BOSTON ( The Street Ratings) -- With 10-year Treasury yields near historic lows, it might be time for investors to get back into stocks. The current yield on the S&P 500 Index (2.05%) is hovering around that of 10-year government bonds. Historically, there has been a difference of a few hundred basis points.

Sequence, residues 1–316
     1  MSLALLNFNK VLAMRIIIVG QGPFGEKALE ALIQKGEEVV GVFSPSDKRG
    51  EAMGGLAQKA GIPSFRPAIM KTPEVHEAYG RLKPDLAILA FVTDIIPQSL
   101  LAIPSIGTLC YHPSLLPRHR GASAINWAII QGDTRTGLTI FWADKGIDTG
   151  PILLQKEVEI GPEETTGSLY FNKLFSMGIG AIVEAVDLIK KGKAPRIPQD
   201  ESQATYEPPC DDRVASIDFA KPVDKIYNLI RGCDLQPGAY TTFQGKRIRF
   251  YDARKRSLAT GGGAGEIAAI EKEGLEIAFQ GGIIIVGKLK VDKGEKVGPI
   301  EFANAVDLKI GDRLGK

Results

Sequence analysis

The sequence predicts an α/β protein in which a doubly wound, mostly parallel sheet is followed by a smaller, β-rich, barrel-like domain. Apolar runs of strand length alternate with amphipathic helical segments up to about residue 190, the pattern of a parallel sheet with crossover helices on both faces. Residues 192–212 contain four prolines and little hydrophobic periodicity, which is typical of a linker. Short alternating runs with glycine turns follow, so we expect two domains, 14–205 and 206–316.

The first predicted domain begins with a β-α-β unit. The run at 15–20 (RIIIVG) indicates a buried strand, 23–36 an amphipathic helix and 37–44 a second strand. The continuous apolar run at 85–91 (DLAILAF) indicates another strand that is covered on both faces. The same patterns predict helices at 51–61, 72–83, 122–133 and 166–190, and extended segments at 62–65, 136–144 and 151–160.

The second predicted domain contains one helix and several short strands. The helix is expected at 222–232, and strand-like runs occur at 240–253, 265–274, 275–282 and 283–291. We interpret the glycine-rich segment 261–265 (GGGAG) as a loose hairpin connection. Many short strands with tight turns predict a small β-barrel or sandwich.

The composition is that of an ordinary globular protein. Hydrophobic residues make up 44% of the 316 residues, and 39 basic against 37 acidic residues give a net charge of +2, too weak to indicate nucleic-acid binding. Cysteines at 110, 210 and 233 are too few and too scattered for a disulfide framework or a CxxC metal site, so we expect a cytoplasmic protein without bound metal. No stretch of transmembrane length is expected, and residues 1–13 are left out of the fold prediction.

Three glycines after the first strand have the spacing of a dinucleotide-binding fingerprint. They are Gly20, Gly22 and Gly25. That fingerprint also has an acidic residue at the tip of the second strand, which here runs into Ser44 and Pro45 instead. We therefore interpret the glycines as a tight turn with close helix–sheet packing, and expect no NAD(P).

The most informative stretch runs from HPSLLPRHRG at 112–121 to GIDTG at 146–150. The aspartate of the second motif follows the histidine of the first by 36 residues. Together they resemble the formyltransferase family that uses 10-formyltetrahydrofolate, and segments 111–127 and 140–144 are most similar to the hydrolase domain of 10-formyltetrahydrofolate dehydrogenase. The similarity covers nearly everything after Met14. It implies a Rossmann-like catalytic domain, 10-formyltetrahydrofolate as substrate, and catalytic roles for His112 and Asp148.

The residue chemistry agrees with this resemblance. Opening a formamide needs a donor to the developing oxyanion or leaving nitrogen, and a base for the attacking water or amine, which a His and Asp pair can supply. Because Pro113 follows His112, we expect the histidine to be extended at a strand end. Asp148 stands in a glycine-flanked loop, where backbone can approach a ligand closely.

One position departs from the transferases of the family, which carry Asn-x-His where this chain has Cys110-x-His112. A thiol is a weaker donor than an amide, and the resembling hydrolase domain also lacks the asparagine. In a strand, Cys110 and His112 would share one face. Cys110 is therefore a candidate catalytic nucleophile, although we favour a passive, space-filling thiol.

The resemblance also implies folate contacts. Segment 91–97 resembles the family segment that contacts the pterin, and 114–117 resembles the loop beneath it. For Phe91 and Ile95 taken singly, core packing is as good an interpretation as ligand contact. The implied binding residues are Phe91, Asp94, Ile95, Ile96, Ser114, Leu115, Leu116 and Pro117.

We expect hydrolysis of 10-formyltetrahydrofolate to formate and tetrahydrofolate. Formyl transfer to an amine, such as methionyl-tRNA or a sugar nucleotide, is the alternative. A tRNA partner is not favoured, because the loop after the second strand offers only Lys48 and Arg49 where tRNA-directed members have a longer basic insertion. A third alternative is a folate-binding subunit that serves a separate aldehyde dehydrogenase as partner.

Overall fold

Let's think about it in simple terms. Would you rather put $100 of your money into a (virtually) risk-free asset over the next 10 years and earn $2 a year, or would you rather purchase equity in a blue-chip company such as McDonald's or Coca-Cola or Nordstrom and earn the same $2 a year but also benefit from capital appreciation? Another metric, called the Fed Model (created by economist Ed Yardeni) says that stocks are extremely cheap. The model looks at the earnings yield (or earnings/price) for the S&P 500 Index and compares it to the 10-year Treasury. If the earnings yield for stocks is greater than the Treasury rate, then stocks are undervalued. The Fed Model states that "the bond and stock market are in equilibrium, and fairly valued, when the one-year forward-looking earnings yield equals the 10-year Treasury note yield." Today, the forward earnings yield for stocks exceeds the Treasury rate by roughly 7.5%, levels that we haven't seen since 2008. (See chart below.)